The Kansas City Royals on Sunday rode another dominant outing from Danny Duffy to a 4-0 win over the Detroit Tigers (box score). That's the Royals' fourth straight win, which means they maintain a 2.0-game lead over the Chicago White Sox in the AL Central.
That K.C. triumph paired with the end of of the Oakland A's win streak also means that the upstart Royals -- at least for one night's sleep -- have the best record in the American League. The Royals right now check in at 13-7, which puts them percentage points ahead of the 14-8 Athletics. Of note is that 11 of their 20 games have come against teams that made the expanded playoffs in 2020, and another three came against the Los Angeles Angels, who profile as at least relevant this season.
Broadly, credit to GM Dayton Moore and ownership for still maintaining a credible level of investment in the roster, even as they undertook a soft rebuild. Further credit for making targeted additions this winter like Mike Minor, Carlos Santana, and Michael A. Taylor even when most outside observers gave the Royals little chance of contention. The veteran Santana, plucked away from division-rival Cleveland (who in contrast prioritizes spending as little as possible on payroll), is slashing .229/.360/.457 with four home runs and more walks than strikeouts. Taylor has been a sparkling defender in center while also being a solid on-base threat at the bottom of the order. Minor has functioned as a league-average starting pitcher across four starts, and fellow free agent additions Hanser Alberto and Jarrod Dyson have been useful depth pieces in the early going.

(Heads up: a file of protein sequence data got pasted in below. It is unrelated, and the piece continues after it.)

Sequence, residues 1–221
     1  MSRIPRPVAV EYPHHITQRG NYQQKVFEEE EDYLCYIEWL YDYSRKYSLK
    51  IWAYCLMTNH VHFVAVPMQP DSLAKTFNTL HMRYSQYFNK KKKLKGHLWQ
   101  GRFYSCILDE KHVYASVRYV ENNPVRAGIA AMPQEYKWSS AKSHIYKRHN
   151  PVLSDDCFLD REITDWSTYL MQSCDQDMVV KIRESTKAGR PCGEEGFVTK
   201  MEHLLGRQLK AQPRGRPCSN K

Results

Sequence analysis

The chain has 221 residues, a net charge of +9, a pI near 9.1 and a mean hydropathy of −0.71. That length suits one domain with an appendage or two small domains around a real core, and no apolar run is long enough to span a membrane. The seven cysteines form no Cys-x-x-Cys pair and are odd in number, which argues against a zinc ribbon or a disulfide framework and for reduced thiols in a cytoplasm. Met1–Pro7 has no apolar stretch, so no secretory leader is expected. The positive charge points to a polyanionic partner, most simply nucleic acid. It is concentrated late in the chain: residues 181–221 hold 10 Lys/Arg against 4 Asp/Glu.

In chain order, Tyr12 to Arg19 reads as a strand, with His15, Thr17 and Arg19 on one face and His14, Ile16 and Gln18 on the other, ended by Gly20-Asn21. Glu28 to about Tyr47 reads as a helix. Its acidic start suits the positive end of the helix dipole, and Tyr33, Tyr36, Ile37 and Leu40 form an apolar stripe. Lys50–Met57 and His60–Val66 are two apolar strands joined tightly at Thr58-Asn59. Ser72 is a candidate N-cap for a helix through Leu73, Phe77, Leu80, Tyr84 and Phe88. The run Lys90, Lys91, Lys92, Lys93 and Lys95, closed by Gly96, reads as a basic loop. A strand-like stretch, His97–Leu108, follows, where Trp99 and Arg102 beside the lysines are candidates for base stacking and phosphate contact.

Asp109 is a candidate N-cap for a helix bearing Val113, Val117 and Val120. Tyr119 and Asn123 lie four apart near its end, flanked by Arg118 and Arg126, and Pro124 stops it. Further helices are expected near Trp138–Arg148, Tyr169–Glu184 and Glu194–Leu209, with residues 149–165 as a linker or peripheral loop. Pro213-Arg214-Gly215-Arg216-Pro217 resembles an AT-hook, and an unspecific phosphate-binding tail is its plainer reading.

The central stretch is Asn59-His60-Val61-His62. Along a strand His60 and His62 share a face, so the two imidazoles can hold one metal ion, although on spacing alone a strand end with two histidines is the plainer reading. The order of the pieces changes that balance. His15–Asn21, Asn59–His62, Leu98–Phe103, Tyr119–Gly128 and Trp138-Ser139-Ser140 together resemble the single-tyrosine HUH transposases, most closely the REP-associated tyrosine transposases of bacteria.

Much of this is reflective of a deeper organizational ethos that is all too rare these days -- one in which the Royals endeavor to treat players as something more than "assets" and strives for a baseline of respectability on the field even when the prevailing focus is on the future. In that sense, it's good to see this early surge in K.C.
As for how they've done it, nothing stands out. They rank generally middle of pack in OPS, rotation ERA, and bullpen ERA. The Royals' current run differential is just plus-three, which suggests they should be around .500. As well, the BaseRuns standings available at FanGraphs, which correct for some of the sequencing and clustering effects inherent in run differential, pegs them as a slightly below .500 team at a fundamental level. In other words, there's probably a bit of good luck baked into the Royals' AL-best record, but at the same time they've avoided being bad at anything.
Broadly, they've ridden individual performances from the likes of Duffy, Salvador Perez, Santana, and Brady Singer that range from dominant to strong. Mike Matheny will need them to keep that up, and that's not implausible in broad terms. As well, current under-performers like Andrew Benintendi, Hunter Dozier, and Brad Keller will need to find their levels. If those things continue, then there's no reason the Royals can't find themselves playing baseball that matters much later in the season.
For now, though, the odds are still against them in a division that also includes the White Sox and Minnesota Twins. That's why the SportsLine Projection System coming into Sunday gave the Royals just a 14.5 percent chance of making the playoffs. That figure is higher than what it was coming into the season, and that's for the simple reason that K.C. has been winning. Keep winning, and that figure keeps going up. That's the goal, of course, but for now just appreciate the start the Royals have enjoyed in 2021. It's still early with a lot of correction ahead for a number teams and players. Baseball can be cruel in that way, so it's never out of bounds to take a moment to savor the work that's been done. The Royals have good cause to do that right about now.